US focus grows as Protocol talks drag on

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A group of influential congressmen have introduced a resolution calling for the full implementation of the 1998 Good Friday Agreement and expressing hope for the “continued success” of the peace process amid growing doubts over the commitment of hardline unionists to the North’s powersharing institutions.

The resolution comes ahead of the 25th anniversary of the signing of the peace deal in April and calls for steps to be taken to “reconcile past violence”. Its sponsors include Democrats Bill Keating, Brendan Boyle and Derek Kilmer, along with Republicans Brian Fitzpatrick, Mike Kelly, Joe Wilson and David Rouzer.

They warned that “nothing should jeopardise” the progress made under the Good Friday Agreement.

Congressman Fitzpatrick said the 1998 agreement “provides a holistic approach for peace” in the North, while Congressman Boyle described it as “one of the greatest diplomatic achievements of the 20th century”.

He added: “The United States played a critical role in the Irish Peace Process that ultimately led to the Good Friday Agreement and has continued that role in the 25 years since it was signed. I am confident the US will continue to be a strong voice for peace with justice in Ireland.”

With the anniversary less than three months away, there are doubts whether unionism will ever end its opposition to a Brexit-related trade deal which collapsed the Stormont Assembly almost a year ago.

On Tuesday, Sunak’s foreign secretary, James Cleverly, travelled to Washington, to speak to US Secretary of State Antony J. Blinken about progress in negotiations between Britain and the EU (pictured). It follows a meeting on Monday between Cleverly and Maros Sefcovic, the European Commission vice president who is its chief negotiator.

Despite a major advance with an agreement on data sharing, there have been mixed reports regarding the progress of the negotiations. The major EU concession would reduce physical checks at seaports in the north of Ireland, but it has still not yet convinced the DUP to drop its boycott of powersharing. There are suspicions that no deal will be enough to convince DUP Jeffrey Donaldson to enter Stormont in a subordinate post to Sinn Féin’s First Minister designate, Michelle O’Neill.

Radical anti-European Tories have also threatened to join the DUP to vote down a resolution of the stalemate at Westminster. Most controversially, they are demanding an end to the jurisdiction in the north of Ireland of the European Court of Justice, which guarantees that European law is applied correctly. Without the consent of nationalists, such a change which mark a major departure from the Good Friday Agreement.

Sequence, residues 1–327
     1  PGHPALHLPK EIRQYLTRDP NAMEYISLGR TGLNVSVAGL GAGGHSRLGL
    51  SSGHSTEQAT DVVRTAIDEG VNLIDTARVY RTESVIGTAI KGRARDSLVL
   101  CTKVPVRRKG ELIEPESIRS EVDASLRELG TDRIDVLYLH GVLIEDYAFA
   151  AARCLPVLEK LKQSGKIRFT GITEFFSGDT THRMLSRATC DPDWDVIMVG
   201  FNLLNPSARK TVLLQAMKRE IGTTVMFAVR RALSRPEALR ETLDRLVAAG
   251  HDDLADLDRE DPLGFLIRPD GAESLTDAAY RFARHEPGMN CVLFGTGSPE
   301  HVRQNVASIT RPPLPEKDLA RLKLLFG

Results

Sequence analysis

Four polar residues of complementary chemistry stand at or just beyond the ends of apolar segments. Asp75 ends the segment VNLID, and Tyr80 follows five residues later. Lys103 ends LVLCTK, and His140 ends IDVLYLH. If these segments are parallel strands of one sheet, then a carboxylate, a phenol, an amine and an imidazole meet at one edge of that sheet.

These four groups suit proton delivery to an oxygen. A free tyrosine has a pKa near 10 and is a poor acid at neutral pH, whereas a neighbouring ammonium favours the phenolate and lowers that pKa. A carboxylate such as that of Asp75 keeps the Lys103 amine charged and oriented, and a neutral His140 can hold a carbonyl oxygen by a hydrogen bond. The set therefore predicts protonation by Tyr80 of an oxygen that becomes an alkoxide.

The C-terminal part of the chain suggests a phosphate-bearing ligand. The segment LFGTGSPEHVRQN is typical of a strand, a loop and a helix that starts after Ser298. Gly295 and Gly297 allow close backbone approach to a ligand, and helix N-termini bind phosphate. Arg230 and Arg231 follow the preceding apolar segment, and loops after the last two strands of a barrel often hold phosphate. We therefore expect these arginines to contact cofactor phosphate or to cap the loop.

A deal by April could see a symbolic trip to trip to Belfast and London by US President Joe Biden to mark the anniversary, and open the possibility of a post-Brexit trade deal with Britain. A new US special envoy to the North of Ireland, Joe Kennedy III, is due to arrive to Belfast within two weeks, a symbol of the continuing role of the US as a guarantor of the Good Friday Agreement.

Keir Starmer, leader of the opposition of the British Labour Party, has said that his party would help the British government get a deal through Westminster if Sunak lost votes from hardliners in his party.

“The time to put Northern Ireland above a Brexit purity cult, which can never be satisfied, is now,” Mr Starmer said in a speech at Queen’s University. “There is a small window of opportunity before April.”

He held what were described as constructive talks with the North’s party leaders on Thursday, 12 January, in a sharp contrast with farcical events earlier in the week. On Tuesday, the Tories caused uproar and provoked an instant nationalist walkout after Minister Cleverly refused to meet Sinn Féin leader Mary Lou McDonald as party of multi-party talks in Belfast. The reasons for the move remain unclear, despite a series of bizarre excuses offered by British officials subsequently.

British Direct Ruler Chris Heaton-Harris said “many factors” had gone into the decision to exclude Ms McDonald, including that she is “a representative of a parliament in an EU member state”. He cryptically added that including her in the talks “might not have been seen as a wise thing to do”.

Heaton-Harris also could not confirm if Ms McDonald would be barred from attending subsequent political meetings, but said he had invited her to dinner. “We’re not interested in dinner,” Michelle O’Neill responded.

Heaton-Harris also confirmed that an election to the Stormont Assembly, twice postponed beyond the date legally required, would once again be deferred.

Taoiseach Leo Varadkar, who also met with the main parties last week, said he hopes the decision to exclude the Sinn Féin leader from meetings with British Ministers is ‘not a new precedent’.

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